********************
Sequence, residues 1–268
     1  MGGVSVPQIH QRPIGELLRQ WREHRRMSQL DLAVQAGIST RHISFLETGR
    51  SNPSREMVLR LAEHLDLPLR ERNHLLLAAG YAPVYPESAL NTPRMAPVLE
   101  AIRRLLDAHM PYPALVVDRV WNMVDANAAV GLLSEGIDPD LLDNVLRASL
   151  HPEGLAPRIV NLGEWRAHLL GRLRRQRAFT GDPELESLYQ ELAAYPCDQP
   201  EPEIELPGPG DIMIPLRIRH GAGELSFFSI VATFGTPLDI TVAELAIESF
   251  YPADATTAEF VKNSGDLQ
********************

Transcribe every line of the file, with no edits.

Sequence, residues 1–268
     1  MGGVSVPQIH QRPIGELLRQ WREHRRMSQL DLAVQAGIST RHISFLETGR
    51  SNPSREMVLR LAEHLDLPLR ERNHLLLAAG YAPVYPESAL NTPRMAPVLE
   101  AIRRLLDAHM PYPALVVDRV WNMVDANAAV GLLSEGIDPD LLDNVLRASL
   151  HPEGLAPRIV NLGEWRAHLL GRLRRQRAFT GDPELESLYQ ELAAYPCDQP
   201  EPEIELPGPG DIMIPLRIRH GAGELSFFSI VATFGTPLDI TVAELAIESF
   251  YPADATTAEF VKNSGDLQ